High Street just south of downtown is a notoriously high speed and dangerous urban street. The improvements to High Street in the Short North have made North High a pedestrian and cyclist paradise while cars still speed quickly south through German Village and the Brewery District. A low cost tactical urbanism project on South High could demonstrate how to make this street safer and more attractive.


  • Align City policy with the Insight2050 Corridor Concepts Implementation Framework.
  • Pilot temporary bus lanes and make permanent successful changes.
  • Install shelters and sidewalks at every bus stop throughout the system.
  • Increase the base frequency to 10 minutes on ‘frequent’ lines (1, 2, 5, 6, 7, 8, 10, 23, 34, CMAX).
  • Expand operations to 1:00 am on all ‘frequent’ lines.
  • Implement mobile fare payment by then end of 2020.
  • Work to create better commuter connections to surrounding counties.

Pedestrian Improvements

  • Implement high-visibility crosswalk treatments at all major crossing locations.
  • Construct sidewalks to reach at least 45% of arterials and collectors per the Metropolitan Transportation Plan (MTP).
  • Overhaul the crosswalk placement process to make the following changes:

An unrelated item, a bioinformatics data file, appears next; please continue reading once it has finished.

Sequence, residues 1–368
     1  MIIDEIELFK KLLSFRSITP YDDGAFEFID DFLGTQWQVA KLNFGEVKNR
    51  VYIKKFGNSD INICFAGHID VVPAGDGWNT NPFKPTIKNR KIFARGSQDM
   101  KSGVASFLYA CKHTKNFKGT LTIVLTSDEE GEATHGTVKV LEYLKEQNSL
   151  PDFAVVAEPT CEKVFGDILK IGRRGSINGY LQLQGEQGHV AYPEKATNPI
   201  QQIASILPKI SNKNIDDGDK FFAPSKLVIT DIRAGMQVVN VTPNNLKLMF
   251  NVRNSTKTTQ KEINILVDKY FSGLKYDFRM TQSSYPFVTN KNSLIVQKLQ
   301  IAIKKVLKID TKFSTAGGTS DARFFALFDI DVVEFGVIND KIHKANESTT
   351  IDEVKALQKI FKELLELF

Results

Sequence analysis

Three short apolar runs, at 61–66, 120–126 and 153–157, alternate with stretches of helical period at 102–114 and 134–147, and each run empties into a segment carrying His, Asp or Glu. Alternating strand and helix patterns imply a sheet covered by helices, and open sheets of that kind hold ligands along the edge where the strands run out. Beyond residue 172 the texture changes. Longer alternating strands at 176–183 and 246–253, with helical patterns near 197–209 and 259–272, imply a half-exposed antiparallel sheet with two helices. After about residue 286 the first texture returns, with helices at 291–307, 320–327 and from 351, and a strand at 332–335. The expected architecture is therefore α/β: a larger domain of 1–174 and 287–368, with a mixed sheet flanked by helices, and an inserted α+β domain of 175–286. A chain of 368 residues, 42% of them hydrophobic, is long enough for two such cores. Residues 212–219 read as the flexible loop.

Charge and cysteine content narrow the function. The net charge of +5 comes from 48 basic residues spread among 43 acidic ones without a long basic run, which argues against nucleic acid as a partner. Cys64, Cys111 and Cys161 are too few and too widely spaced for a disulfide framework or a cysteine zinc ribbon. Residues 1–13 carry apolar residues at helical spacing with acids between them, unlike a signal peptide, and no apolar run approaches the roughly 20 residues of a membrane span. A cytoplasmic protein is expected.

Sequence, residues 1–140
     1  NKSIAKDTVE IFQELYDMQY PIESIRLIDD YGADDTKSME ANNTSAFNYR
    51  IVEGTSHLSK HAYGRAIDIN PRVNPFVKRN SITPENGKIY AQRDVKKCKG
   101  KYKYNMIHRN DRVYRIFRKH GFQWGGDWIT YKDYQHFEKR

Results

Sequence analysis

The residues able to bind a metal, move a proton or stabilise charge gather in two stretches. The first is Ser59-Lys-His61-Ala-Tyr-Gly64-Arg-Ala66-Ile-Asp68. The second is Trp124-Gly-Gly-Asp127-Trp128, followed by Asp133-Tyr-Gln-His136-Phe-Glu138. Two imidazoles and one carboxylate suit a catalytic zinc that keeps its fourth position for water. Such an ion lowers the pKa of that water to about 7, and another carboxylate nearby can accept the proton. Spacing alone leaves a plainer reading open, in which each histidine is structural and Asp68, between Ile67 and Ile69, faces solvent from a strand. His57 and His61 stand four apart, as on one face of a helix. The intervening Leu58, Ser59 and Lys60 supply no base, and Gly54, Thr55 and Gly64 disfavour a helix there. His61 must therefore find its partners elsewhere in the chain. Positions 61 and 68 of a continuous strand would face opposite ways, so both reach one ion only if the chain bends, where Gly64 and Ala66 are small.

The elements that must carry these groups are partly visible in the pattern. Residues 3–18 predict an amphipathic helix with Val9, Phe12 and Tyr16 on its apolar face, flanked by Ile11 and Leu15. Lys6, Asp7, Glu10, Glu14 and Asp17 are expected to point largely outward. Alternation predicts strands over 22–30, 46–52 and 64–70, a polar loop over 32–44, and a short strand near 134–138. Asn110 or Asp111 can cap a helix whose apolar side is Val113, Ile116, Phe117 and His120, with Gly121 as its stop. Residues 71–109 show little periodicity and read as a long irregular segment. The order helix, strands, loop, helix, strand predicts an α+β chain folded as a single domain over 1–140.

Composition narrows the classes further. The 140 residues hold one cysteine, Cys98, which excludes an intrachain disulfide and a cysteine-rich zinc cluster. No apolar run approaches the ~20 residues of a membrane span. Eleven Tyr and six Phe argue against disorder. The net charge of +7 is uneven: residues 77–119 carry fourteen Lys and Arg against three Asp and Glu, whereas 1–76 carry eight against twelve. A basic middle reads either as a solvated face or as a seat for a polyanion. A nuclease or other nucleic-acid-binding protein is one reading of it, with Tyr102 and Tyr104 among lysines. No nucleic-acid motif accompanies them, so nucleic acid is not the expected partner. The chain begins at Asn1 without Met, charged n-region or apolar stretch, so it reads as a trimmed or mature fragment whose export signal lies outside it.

• Be responsive to resident requests for new crosswalks at locations generated by the community.
    • Reverse the current crosswalk placement process so that improvements are installed and then measured against pedestrian counts rather than the opposite.
    • Encourage mid-block crosswalks to address pedestrian traffic.

Bike Infrastructure/Facilities

  • Build 100 new miles of dedicated and connected bike facilities.


Other Policy Issues

  • Support affordable transit for our low income population.
  • Support the inclusion of multimodal curriculum in Drivers Education courses.
  • Adopt NACTO Guidelines as the Official Design Standards for the City
  • Adopt Vision Zero Goal
  • Pledge to support MORPC’s Regional Transportation Safety Plan
  • Require Tax Incentives for New Developments to Include Multimodal Options Such As:
    • Bus Passes
    • Bike Facilities
    • Shared Parking Facilities